When George Harrison died on December 1, 2001, the phone started ringing – it was those damned media outlets again – before I had time to sort out my thoughts about him. I’d covered a tour of his for a Rolling Stone cover story in 1974.Download File
So, here’s how I got to write a column in GQ.
As a kid daydreaming about one day writing for a big newspaper--and, as a teenager in Oakland, the Oakland Tribune rated as a big one--and being a columnist, like Bill Fiset, who did random items he picked up around town.
When in the mid-Sixties San Francisco came to represent nothing left to lose, there was a handful of identifiable pioneers that changed the face, the sound and the style of pop culture.Download File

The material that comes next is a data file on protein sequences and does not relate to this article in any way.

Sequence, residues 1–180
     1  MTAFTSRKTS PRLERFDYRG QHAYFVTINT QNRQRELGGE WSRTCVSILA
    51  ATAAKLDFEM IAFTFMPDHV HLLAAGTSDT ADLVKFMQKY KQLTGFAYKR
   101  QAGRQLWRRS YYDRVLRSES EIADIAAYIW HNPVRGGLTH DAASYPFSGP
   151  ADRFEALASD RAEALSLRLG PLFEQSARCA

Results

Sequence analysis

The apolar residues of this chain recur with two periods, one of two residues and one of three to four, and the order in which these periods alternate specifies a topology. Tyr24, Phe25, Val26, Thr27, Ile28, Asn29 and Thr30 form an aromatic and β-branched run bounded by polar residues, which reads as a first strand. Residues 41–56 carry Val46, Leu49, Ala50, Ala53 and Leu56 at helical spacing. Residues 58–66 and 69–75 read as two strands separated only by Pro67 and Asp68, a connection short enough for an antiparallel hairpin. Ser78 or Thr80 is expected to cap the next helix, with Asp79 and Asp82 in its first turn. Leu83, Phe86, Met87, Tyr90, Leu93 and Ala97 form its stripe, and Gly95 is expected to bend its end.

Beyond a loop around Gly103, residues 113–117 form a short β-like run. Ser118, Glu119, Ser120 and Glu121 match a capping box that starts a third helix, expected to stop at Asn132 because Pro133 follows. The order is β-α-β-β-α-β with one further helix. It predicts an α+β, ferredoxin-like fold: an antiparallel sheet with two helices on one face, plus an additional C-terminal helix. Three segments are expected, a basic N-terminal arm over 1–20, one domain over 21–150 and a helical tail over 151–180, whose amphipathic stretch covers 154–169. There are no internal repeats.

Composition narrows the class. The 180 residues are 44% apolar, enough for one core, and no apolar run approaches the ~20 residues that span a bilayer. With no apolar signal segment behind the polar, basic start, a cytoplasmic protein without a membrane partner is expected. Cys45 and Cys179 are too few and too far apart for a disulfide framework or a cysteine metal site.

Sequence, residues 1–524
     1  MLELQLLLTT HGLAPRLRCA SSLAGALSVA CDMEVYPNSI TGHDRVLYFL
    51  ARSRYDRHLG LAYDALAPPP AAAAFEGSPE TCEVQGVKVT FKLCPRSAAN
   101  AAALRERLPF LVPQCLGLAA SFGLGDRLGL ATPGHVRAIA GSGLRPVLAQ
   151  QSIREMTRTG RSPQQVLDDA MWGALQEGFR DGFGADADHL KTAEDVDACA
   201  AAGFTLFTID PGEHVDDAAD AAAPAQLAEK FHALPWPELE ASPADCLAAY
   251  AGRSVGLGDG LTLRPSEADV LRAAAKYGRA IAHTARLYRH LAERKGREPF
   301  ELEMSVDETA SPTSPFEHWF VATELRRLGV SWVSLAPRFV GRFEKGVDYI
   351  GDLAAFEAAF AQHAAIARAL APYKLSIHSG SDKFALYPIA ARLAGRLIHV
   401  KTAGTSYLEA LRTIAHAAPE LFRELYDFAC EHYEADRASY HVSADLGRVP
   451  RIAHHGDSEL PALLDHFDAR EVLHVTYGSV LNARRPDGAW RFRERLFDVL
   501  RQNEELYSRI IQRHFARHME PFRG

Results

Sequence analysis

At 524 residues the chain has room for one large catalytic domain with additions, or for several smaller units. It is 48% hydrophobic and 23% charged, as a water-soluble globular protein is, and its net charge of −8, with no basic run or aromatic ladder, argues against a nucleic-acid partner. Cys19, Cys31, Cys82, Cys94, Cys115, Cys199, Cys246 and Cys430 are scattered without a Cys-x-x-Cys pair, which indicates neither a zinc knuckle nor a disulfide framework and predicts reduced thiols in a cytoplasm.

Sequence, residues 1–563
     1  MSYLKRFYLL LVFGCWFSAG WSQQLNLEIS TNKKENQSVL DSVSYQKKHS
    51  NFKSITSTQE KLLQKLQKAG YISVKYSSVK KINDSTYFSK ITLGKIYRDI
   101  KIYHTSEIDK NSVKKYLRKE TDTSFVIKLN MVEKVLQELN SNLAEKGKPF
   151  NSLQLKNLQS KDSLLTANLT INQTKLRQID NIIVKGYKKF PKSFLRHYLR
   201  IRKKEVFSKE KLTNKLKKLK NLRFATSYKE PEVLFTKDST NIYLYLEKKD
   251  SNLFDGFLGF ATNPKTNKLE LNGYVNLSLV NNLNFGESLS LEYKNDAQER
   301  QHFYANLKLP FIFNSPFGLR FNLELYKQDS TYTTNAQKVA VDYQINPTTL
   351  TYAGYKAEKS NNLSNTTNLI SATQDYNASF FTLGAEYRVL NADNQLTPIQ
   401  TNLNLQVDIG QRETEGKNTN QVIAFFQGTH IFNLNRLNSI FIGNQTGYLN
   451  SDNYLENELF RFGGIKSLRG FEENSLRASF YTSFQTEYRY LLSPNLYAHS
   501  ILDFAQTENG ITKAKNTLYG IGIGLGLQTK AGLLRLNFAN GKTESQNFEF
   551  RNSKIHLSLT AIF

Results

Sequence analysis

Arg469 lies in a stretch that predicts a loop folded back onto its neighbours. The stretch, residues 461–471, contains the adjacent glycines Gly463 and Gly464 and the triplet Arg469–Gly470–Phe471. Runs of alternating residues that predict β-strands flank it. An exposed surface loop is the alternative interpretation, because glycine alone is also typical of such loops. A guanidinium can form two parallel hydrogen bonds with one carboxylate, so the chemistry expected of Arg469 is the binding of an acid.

In June, I got a call from Paul Wasserman, publicist for the Rolling Stones. Now, the Stones were known as one of the few bands that engaged a publicist for the purpose of keeping the press away.Download File
Growing up trapped in a Chinese restaurant family in the Fifties and early Sixties, I had radio as my lifeline to the outside world—to music, to baseball, and to other wonders.Download File
Almost Famous Since 1969